Researchers have tried to derive the true social costs of, for instance, fossil fuels and the economic setbacks associated with specific climate events such as heat waves in single countries or even the possible costs in lives and income of multiple impacts across a continent.
Their conclusion: an extra $43 trillion bill for inaction. An aggressive strategy to limit thaw in the permafrost, on the other hand, could save the world $37 tn.
The two scientists used a computer model to simulate the impacts of what is now known as the business-as-usual-scenario, in which the world goes on burning more and more fossil fuels, until the concentrations in the atmosphere of carbon dioxide reach 700 parts per million.
Right now, the concentration has just tipped 400 ppm. For most of human history, it has hovered around 270 ppm.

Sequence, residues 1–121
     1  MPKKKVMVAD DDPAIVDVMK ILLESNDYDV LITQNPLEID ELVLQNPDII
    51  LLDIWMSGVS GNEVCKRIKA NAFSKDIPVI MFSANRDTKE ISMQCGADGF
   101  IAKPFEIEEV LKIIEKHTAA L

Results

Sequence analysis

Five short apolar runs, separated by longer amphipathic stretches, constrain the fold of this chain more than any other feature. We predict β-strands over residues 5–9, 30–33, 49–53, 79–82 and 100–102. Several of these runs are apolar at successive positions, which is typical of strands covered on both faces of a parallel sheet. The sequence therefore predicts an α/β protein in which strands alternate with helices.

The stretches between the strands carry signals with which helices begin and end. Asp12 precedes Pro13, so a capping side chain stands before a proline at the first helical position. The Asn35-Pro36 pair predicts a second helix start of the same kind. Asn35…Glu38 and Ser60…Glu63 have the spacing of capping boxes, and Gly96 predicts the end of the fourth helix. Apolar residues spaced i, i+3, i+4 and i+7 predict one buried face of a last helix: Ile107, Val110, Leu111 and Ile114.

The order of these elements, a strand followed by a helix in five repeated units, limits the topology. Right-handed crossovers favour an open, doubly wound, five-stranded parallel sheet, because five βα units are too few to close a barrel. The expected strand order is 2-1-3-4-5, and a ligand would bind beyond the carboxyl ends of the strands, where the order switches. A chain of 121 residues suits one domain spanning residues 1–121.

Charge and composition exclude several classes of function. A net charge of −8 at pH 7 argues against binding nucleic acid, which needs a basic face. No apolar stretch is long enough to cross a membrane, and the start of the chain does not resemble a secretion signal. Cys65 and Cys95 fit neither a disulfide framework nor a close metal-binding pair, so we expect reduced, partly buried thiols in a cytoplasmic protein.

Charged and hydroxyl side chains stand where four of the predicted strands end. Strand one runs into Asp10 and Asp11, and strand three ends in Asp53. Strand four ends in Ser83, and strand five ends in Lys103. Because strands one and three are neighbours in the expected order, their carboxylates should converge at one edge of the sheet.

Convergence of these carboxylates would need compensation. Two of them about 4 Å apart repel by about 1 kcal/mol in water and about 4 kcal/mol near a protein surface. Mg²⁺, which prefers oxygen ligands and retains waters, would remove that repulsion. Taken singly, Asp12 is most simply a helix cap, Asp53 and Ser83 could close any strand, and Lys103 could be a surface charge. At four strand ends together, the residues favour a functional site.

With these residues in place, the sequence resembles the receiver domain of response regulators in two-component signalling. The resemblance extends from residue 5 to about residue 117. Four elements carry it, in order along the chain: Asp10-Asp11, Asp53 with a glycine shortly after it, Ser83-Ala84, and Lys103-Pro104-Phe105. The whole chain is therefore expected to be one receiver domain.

“We want to use these models to help us make better decisions—linking scientific and economic models together is a way to help us do that,” said Dr. Hope. “We need to estimate how much it will cost if we do nothing, how much it will cost if we do something and how much we need to spend to cut back greenhouse gases.”
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One of nature's epic events is underway: Monarch butterflies' fall migration. Departing from all across the United States and Canada, the butterflies travel up to 2,500 miles to cluster at the same locations in Mexico or along the Pacific Coast where their great-grandparents spent the previous winter.